Study unveils new protein-related changes in the brain of patients with Alzheimer’s disease

Study unveils new protein-related changes in the brain of patients with Alzheimer’s disease

Researchers at Emory University School of Medicine have recently carried out a large-scale analysis of the brains of patients with Alzheimer’s disease (AD). Their findings, published in Nature Neuroscience, unveiled a series of disease-related changes in protein co-expression modules, which were not identified when examining RNA networks in the same brain regions.

The team that conducted the study is part of the Accelerating Medicines Partnership for Alzheimer’s Disease (AMP-AD) consortium, a collaboration between different government, industry, academic, and non-profit organizations. The key mission of the AMP-AD consortium is to develop new drug targets and biomarkers for AD.

To do this, participating organizations are using multi-omic approaches (i.e., methods for biological analysis) and other systems biology tools to examine the complex pathophysiology of the disease. This could in turn help to identify new drug targets and disease biomarkers. The group at Emory University School of Medicine specifically focuses on the field of proteomics (i.e., studies exploring proteomes and their functions).

“We are taking an unbiased discovery approach by looking at the proteomic changes that occur in the brain of those with AD,” Erik Johnson, one of the researchers who carried out the study, told MedicalXpress. “The basic idea behind our work is that there is a lot going on in the AD brain, and we want to characterize the full landscape of these pathological changes.”

In 2020, Johnson and his colleagues published a paper that quantified approximately 3000 proteins by analyzing images of hundreds of brains, to specifically characterize proteomic changes associated with AD. Building on this previous work, the team now set out to dig deeper into the brains of patients with AD, further examining proteomic changes in relation to other types of -omic data.

The researchers analyzed approximately 500 brains sourced by the Religious Orders Study and Memory and Aging Project (ROSMAP) and the Banner Sun Health Research Institute. To conduct their analyses, they used a recently developed and advanced mass spectrometry-based proteomic approach. This allowed them to quantify almost 9000 proteins across the brain tissues they analyzed, which is almost three times the number of proteins quantified in their previous study.

“This approach allowed us to perform a much deeper and richer analysis of the AD brain proteome,” Johnson explained. “We were able to leverage genetic and transcriptomic data from many of the same tissues to integrate the proteomic findings with these other types of -omic data. The ROSMAP and Banner cohorts are also well phenotyped, so this allowed us to relate the changes we observed to other important aspects of the disease, such as cognitive function.”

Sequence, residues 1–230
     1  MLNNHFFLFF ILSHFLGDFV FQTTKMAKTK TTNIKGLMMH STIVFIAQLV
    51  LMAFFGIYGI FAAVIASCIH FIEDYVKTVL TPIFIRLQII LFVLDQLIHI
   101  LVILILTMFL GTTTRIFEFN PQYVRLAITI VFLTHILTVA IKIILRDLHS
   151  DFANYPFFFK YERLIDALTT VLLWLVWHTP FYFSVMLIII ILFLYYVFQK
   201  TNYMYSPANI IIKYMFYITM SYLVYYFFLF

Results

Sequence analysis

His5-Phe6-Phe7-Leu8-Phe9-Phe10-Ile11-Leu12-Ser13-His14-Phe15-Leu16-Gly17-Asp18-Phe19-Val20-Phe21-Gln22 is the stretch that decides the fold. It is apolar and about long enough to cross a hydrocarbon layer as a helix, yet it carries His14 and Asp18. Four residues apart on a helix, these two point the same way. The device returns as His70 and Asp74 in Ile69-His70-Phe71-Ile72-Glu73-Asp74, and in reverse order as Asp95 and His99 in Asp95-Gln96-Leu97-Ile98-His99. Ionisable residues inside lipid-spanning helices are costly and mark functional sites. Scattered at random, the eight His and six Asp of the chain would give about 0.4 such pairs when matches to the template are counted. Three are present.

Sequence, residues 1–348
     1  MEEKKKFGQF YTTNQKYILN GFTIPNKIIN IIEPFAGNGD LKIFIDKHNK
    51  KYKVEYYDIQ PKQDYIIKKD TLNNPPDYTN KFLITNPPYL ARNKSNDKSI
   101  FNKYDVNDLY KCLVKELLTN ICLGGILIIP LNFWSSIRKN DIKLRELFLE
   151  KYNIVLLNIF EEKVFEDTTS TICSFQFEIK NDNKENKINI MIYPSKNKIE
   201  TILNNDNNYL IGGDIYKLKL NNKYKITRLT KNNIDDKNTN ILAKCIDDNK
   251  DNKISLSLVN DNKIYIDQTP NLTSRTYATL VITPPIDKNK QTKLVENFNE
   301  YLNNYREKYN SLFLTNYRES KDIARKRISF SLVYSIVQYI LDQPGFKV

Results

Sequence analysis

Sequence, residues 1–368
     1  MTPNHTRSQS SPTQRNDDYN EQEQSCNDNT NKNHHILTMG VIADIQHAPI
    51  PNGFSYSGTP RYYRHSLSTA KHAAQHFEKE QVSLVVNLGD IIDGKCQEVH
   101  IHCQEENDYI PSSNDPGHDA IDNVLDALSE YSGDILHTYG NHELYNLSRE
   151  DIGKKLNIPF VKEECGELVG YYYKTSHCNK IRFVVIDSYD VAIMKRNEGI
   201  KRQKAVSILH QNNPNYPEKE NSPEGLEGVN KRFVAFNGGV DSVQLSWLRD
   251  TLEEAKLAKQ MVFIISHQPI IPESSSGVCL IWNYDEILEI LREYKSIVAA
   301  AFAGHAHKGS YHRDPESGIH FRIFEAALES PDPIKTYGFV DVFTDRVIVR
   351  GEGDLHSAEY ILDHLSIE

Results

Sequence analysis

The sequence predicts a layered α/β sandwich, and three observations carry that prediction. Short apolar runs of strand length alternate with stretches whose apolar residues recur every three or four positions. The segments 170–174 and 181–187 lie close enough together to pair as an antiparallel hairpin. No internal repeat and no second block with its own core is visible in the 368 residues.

By analyzing a greater number of proteins, Johnson and his colleagues were ultimately able to pinpoint important proteomic changes in the AD brain that they did not detect in their prior study. Some of these changes were related to proteins that correlate with the aggregation of amyloid-beta peptides. The aggregation of amyloid-beta peptides into plaques is a cardinal feature of AD.

“A better understanding of how these proteins influence the formation of amyloid-beta plaques, or how their natural functions may be altered in the presence of amyloid-beta plaques, could provide new avenues for development of drug targets and biomarkers for the disease,” Johnson said.

Another group of proteins identified by the researchers in their analyses of AD brain tissue are those involved in Mitogen-Activated Protein Kinase (MAPK) signaling and energy metabolism. These proteins were found to be closely correlated with cognitive decline.

“Interestingly, these two groups of protein changes, along with many other protein changes in the brain, were not observed at the RNA level,” Johnson explained. “This is an important finding, as it really suggests that we need to look at multiple types of data when trying to understand AD.”

In their next studies, Johnson and his colleagues plan to conduct similar analyses on the brains of patients who were affected by other neurodegenerative diseases. This will help them to determine whether the proteomic changes they unveiled are specific to AD or if they are also associated with other diseases.

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